Roxy revival 

Mike Steinberg looks to make an old theater new again

In an age before home surround-sound systems, Mike Steinberg grew up with a movie theater in his basement. His father, a film collector, decked out the family's St. Louis home with a large movie screen and a 16mm projector that he kept in use even after videotape became available. Every Halloween, Steinberg and his friends would take their seats in the theater as his father would try and scare them by showing classic monster flicks. The Creature from the Black Lagoon and King Kong were fun but not scary, Steinberg recalls. But then his father introduced them to Night of the Living Dead.

"We were maybe only 9 or 10 and we were all completely terrified," he says, laughing. "It was great growing up with this really oddball, passionate dude who loved movies so much."

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  • Cathrine L. Walters
  • Mike Steinberg plans to make the Roxy Theater a place to see art house andindependent films.

Steinberg's childhood fostered a love for film, but it wasn't until college, when he watched the 1902 movie A Trip to the Moon in a film class, that he fully committed to the art form. Now, at 41, after crafting a career focused on movies and filmmaking, he's ready to launch a new project that he hopes will make a similar impact on Missoula as his father made on him: reopening the Roxy Theater as a year-round venue dedicated to art house and niche films.

Steinberg envisions using the main two theaters—which seat 120 and 150, respectively—for screening films. A third theater with a large stage and seating for 75 will host intimate live performances like concerts, plays and stand-up comedy.

Steinberg is working with Chris Sand (a musician known as the Rapping Cowboy) and theater manager Jen Putnam to curate the venue's programming and promote the space. They have already lined up films for August, including A Band Called Death, about one of the first punk bands; A Fierce Green Fire, a documentary about the environmental movement; and From Up On Poppy Hill, a Japanese animation. At the end of August, Missoula indie folk band Butter will play in the performance space.

While the full schedule has yet to start in earnest, some cosmetic changes to the venue have already taken place. The lobby walls and ceiling were painted from what Steinberg called "suicidal sea foam" to vibrant orange and oxblood red. The concession stand countertops are made of redwood reclaimed from a water pipe at Georgetown Lake. The new logo sports a moon for the "o" in Roxy.

"It's subconscious, but it's a nice twist that 25 years ago I saw A Trip to the Moon and decided this is want I want to do," he says.

Steinberg's stature in the local arts scene bodes well for the Roxy's ambitious new plan. Starting in 2008, he served as festival director for Missoula's Big Sky Documentary Film Festival, helping it become one of the most anticipated events in the state. For the past 10 years, he also worked as the Film Series Director for Webster University in St. Louis. (He traveled back and forth to do both jobs). Recently, Steinberg left the positions and took a new post as the festival director for Missoula's International Wildlife Film Festival. It was his work with IWFF, which is housed in the Roxy, that helped him realize the venue's potential. Aside from IWFF, which takes up two weeks of the year with its festival, and occasional rentals for screenings of live theater and opera, the Roxy sits unused about 10 months of the year.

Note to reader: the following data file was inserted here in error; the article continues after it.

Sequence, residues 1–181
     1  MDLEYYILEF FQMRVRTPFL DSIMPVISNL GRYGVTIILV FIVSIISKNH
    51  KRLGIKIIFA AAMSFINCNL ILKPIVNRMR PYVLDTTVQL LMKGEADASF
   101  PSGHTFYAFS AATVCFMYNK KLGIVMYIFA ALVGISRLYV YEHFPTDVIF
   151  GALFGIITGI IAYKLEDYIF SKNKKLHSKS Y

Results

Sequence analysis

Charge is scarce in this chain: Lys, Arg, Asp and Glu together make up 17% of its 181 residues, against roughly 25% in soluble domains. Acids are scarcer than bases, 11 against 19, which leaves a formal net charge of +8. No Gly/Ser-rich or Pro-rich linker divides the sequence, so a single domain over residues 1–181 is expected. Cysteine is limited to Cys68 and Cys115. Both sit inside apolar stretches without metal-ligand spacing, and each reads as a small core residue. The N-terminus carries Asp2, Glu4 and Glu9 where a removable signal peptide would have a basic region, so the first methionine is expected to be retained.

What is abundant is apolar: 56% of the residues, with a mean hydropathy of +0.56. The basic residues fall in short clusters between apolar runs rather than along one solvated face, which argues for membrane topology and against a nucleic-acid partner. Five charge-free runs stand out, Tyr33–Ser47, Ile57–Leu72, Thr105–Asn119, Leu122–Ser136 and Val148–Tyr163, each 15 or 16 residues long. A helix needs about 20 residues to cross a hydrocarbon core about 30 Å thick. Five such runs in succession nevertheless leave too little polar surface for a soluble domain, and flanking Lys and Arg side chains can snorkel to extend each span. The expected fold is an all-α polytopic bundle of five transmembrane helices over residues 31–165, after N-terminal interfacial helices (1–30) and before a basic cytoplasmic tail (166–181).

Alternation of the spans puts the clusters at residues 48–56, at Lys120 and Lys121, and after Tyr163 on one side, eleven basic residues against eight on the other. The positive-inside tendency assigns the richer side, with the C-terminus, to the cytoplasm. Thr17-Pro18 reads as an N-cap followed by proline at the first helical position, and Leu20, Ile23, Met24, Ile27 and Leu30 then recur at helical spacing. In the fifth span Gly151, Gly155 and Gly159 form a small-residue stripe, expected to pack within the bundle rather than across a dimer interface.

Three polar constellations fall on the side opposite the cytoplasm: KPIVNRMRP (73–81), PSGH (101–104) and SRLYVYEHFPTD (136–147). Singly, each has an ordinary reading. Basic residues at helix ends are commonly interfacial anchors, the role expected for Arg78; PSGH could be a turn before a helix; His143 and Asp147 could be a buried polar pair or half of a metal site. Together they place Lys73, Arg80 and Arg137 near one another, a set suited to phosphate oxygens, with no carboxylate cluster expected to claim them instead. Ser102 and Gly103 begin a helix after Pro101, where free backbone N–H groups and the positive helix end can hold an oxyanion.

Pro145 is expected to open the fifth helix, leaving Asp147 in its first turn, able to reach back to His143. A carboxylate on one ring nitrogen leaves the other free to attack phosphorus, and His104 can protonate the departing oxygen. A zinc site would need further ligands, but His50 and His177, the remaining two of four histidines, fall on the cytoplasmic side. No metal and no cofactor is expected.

"When I got here in March there hadn't been a lot of activity and so it really felt like a rental hall," Steinberg says.

It didn't use to be that way. When Steinberg first visited Missoula in 1989, the Roxy was a dive, but regularly screened second- or third-run movies for $2 a ticket. The speakers were blown out and the crowd usually sneaked in cans of beer, but for a film connoisseur it had an allure.

"There was the Chapel of the Dove [in the Wilma], the Go West Drive-In and the Roxy, which was a funky, weird theater," Steinberg says. "We had crazy old theaters in St. Louis, too, but actually at the time they were being devoured, torn down for parking lots. So seeing these, I was delighted. Of the three spaces, the Roxy stuck out to me as the most dilapidated."

In 1994 the Roxy burned in an arson fire. It remained gutted and abandoned for three years until the Preservation Commission of Missoula helped rebuild it. After that, it continued to show cheap features until ownership fell through and it was once again abandoned. In 2002, the IWFF took over the space and, with grant money and funds from the Historic Preservation Society, refurbished the façade, providing it with a 1930s-style marquee.

Steinberg says he hopes the year-round programming will not only bring in a new revenue stream for IWFF, but also revive the venue as a central spot for the arts scene. He talks about featuring local filmmakers, hosting family friendly events and planning other programming that taps into Missoula's core values. He even has partnered with local businesses for concessions; for instance, Great Harvest Bakery is creating "The Kubrick," a brownie that will only be available at the venue.

"Missoula really likes to support Missoula," Steinberg says. "Our tagline is 'Missoula's Community Cinema,' and that's what we want it to be."

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